A trial to test the use of autonomous robot ‘couriers’ in providing on-demand deliveries in a live environment is underway in Punggol, a residential district of Singapore.
The public-private trial aims to pave the way for wider use of autonomous robots in making on-demand deliveries to consumers.
The one-year trial is led by the Infocomm Media Development Authority (IMDA), in partnership with Housing & Development Board (HDB), Land Transport Authority (LTA), Urban Redevelopment Authority (URA), logistics service provider CM Logistics, supermarket chain NTUC FairPrice and technology provider, Otsaw.
The trial will see two Otsaw robots delivering parcels and groceries to the lift lobbies of seven Waterway Woodcress HDB blocks, to assess:
technologies such as AI for autonomous navigation, obstacle detection and avoidance
infrastructure such as communications systems and road networks (including connectivity and slopes)
business models for commercial viability.
Through a mobile app, consumers will be notified when the robot is on the way to its destination and will receive a confirmation notification that the robot has arrived.
The robot will also provide a QR code for recipients to scan at the collection point via their mobile phones, thus ensuring that only the authorised person will be able to access to the assigned compartment and its contents.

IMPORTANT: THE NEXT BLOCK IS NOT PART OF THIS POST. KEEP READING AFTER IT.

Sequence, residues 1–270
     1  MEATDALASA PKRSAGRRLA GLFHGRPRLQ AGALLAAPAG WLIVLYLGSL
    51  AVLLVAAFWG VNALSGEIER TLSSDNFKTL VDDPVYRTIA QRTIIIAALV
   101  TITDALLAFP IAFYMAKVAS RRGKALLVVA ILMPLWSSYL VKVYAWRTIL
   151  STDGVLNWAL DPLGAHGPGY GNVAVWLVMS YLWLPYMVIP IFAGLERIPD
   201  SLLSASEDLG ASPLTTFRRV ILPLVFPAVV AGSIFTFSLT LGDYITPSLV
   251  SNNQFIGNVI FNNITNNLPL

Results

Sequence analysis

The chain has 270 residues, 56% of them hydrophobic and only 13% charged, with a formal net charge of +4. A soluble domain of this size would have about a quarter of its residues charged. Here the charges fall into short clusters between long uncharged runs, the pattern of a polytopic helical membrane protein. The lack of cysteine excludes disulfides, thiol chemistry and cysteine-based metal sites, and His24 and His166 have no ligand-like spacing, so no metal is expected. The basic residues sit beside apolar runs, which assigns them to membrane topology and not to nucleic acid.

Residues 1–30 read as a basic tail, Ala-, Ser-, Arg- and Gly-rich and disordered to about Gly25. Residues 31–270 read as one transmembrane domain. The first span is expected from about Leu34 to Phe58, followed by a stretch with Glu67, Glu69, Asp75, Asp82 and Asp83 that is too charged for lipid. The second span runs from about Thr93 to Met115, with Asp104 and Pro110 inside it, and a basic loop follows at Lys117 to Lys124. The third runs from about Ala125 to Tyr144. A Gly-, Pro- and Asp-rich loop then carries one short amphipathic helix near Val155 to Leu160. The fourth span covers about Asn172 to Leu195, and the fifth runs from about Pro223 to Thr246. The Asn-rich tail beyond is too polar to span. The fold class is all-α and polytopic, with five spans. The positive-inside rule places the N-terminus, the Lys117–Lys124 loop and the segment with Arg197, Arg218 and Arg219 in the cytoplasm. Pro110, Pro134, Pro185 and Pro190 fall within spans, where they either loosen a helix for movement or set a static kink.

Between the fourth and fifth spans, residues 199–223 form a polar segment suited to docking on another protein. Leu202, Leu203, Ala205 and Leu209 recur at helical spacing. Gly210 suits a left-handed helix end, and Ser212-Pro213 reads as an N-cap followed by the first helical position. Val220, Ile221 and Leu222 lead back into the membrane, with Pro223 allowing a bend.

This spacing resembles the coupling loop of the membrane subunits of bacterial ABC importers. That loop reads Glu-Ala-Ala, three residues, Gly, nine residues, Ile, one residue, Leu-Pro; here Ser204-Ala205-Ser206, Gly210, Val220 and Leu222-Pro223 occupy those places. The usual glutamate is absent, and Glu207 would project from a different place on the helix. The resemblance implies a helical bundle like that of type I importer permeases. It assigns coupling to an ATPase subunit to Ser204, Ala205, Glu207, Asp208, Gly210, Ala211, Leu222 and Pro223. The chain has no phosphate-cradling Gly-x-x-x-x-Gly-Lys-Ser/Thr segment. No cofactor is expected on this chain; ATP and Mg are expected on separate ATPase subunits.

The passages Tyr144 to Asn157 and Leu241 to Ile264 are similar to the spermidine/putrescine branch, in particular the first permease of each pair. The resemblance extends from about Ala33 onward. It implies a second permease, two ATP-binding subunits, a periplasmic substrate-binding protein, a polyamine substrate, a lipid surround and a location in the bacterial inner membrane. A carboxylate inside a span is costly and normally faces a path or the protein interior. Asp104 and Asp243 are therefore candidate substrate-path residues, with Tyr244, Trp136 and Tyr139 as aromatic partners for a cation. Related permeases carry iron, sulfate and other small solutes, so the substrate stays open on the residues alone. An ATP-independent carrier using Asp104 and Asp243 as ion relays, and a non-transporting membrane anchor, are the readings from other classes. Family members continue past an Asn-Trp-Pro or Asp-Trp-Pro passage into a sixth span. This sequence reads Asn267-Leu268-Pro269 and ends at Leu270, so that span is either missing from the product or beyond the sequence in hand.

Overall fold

“With the growth of e-commerce, consumers have grown accustomed to expecting food, products and groceries to be delivered to their home in increasingly shorter periods of time,” said Kiren Kumar, deputy chief executive, IMDA.
“Autonomous delivery robots can play an important role in augmenting existing delivery infrastructure to enhance the consumer experience and drive productivity gains. We look forward to working closely with our partners in this trial to test the technology, safety, business model and user experience.”
Public safety is paramount. To ensure public safety, both autonomous robots have passed the LTA’s safety assessment for the supervised use of autonomous vehicles on public paths, the IMDA reports. The speed for each robot, which weighs 80kg (unloaded), is further capped at walking speeds (about 5km/ph). Each robot will also be accompanied by a safety officer during the trial period.
“Urban logistics keep the city going by delivering goods to people and businesses efficiently,” added Chiu Wen Tung, group director (research and development), URA.
“Employing technology to explore alternate and innovative modes of delivery is one way Singapore builds a world-class urban logistics system that also enhances land and labour productivity. This enables our city to become more liveable, sustainable and connected.”